The 12 UDA potential nominees to the National Assembly, based on the order of priority – from Number One to Twelve – are: Jackson Kosgei (1), Teresia Mwangi (2), Abdisirat Ali (3), Dorothy Ikiara (4), Joseph Iraya (5), Jackline Lukalo (6), Jonas Kuko (7), Catherine Waruguru (8), Charles Kanyi (9), Jane Putunoi (10), Fredrick Muteti (11) and Christabel Amunga (12).

What the above means is that, in an ideal situation, UDA has to secure nine (9) out of the possible 12 slots for both Waruguru and Jaguar to make it to the next Parliament. Remember, they are picked on order of priority.

Mathematically, for UDA to get the nine slots, it would mean that the party gets a total of 240 elected MPs, including the Woman Representatives, in the August 9, 2022 polls.

When you take 240 and divide it by 337, and multiply the result by 12, it gives you 8.5. That means that the available slots for that party in nominations would be nine out of the maximum 12.

However, Jaguar and Waruguru could still feature if UDA gets a large majority in the National Assembly, even if it’s not the 240 slots arrived at in the calculation.

However, considering the strength of Azimio la Umoja-One Kenya-affiliated parties, if the recent opinion polls are anything to go by, it would require a "miracle" for UDA to have an overwhelming majority in Parliament.


In the Senate, there are 47 elected Senators, representing all the 47 counties.

The maximum number of nominated senators (for all parties represented in the House) are 20 – sixteen (16) women, two (2) youth and two (2) persons with disabilities.

The “formula” for getting party nomination representation in the Senate is similar to that of the National Assembly.

You take the total number of senators from a single party, divide it by 47, and multiply the figure by 16 (for women nominees), and two (2) each for (the youth and persons with disabilities).

Just like in the National Assembly, the order of placement in the nomination list matters, as that is what the IEBC will use to pick the position-holders.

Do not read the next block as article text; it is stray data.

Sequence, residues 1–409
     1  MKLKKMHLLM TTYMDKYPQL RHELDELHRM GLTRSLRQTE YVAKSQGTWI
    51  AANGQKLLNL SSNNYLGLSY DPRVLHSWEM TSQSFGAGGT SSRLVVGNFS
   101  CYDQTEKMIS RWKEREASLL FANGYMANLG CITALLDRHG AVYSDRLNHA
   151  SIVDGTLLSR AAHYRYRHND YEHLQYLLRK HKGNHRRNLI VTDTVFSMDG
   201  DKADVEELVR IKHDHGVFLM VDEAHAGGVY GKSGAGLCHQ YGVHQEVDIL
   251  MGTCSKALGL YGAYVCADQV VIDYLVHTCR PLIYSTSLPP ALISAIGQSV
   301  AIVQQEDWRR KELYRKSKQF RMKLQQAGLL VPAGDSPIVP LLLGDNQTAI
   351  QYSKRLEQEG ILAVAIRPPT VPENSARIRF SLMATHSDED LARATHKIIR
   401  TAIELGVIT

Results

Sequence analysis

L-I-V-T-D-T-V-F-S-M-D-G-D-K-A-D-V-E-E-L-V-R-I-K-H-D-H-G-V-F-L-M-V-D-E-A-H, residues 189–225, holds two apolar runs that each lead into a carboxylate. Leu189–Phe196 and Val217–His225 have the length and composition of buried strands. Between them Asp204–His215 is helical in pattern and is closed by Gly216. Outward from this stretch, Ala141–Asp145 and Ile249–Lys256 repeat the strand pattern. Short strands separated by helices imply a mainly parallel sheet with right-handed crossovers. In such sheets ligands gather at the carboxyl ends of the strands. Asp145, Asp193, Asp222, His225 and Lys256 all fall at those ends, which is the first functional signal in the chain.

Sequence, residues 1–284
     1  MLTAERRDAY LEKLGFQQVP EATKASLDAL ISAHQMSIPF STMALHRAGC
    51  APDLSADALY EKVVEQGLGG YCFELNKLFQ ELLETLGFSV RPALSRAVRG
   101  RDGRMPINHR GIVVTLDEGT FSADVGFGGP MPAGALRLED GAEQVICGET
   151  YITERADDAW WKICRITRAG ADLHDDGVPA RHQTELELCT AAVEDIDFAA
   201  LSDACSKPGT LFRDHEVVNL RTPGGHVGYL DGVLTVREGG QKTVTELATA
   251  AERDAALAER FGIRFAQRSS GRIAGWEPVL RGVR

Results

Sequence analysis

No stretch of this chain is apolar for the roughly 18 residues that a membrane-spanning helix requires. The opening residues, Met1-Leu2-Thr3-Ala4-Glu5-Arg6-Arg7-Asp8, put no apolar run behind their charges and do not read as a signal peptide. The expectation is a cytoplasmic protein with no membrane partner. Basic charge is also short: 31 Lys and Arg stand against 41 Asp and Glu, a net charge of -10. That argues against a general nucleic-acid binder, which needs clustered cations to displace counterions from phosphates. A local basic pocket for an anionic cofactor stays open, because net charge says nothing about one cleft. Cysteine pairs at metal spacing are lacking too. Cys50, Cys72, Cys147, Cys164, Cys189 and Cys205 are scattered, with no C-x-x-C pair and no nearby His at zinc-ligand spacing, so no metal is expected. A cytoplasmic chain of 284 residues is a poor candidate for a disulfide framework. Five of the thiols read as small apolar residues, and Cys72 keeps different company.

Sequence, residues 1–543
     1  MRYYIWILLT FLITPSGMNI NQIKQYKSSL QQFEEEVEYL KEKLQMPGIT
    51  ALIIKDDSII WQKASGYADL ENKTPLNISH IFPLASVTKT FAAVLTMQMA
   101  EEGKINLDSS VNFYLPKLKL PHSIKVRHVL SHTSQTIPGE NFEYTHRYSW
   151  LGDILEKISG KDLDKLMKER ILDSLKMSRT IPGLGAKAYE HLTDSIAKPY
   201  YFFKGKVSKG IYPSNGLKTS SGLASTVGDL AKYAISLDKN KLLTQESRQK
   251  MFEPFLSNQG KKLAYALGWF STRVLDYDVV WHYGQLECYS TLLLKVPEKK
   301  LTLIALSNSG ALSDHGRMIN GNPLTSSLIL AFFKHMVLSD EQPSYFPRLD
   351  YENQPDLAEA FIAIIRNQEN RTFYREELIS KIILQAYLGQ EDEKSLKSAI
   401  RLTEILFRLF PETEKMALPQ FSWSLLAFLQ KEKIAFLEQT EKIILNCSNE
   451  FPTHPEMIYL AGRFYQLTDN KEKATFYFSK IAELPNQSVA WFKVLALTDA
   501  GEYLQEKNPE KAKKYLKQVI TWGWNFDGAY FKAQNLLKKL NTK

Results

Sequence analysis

In the list submitted by UDA for Senate nomination, Karen Nyamu and Peris Tobiko are at Number Six (6) and Seven (7) respectively.

The list has the following in a descending order: Veronica Nduati-Maina (1), Roselinda Soipan (2), Miraj Abdulrahman (3), Joyce Korir (4), Gloria Magoma (5), Karen Nyamu (6), Peris Tobiko (7), Maureen Mutinda (8), Esther Anyieni (9), Aurelia Chepkirui (10), Consolata Nabwire (11), Raphaela Adukan (12), Christine Mwanyule (13), Genevieve Achieng Wasonga (14), Leila Nuru (15) and Jamhuri Warda Guyo (16).

For both Karen Nyamu and Peris Tobiko to make it to the Senate as Nominated Senators, the UDA will have to get at least 20 elected senator seats, or a large majority.

That is, 20 divided by 47 and then multiplied by 16 (available women seats).  That gives 6.8, meaning the party would qualify for seven nominated senator seats in an ideal situation.

For UDA to get at least one of the two youth representative slots in the Senate, the party must be one of the two most-popular parties in the House, meaning it must have the highest or second-highest number of elected senators.

That also applies to the two positions of nominated senator representing people living with disabilities.

UDA has nominated Raphael Mwinzagu (1) and Shukria Haji (2) as its youth representatives in the Senate.

Unlike the UDA, party loyalists in ODM and Jubilee were given priority slots in the nomination list.

For instance, Murang’a Woman Rep Sabina Chege was the top nominee in Jubilee’s National Assembly list, while Margaret Kamar, President Kenyatta’s sister Kristina Pratt and Nairobi Governor Ann Kananu took up the Top Three slots in the Senate.

ODM, on the other hand, prioritised Suba South MP John Mbadi in the National Assembly list, while the party’s National Elections Board chairperson Catherine Mumma took the top slot in the Senate.

Death or incapacitation

In case of death or incapacitation of a Nominated Member of Parliament or the Senate, the IEBC would refer to the list submitted by the sponsoring party, and based on the list order, would pick the person at the cut-off point.

For instance, if UDA-nominated representatives are eight in the National Assembly, and one dies in office or is incapacitated, then the person who was placed ninth in the nomination list would assume the position, based on the priority order.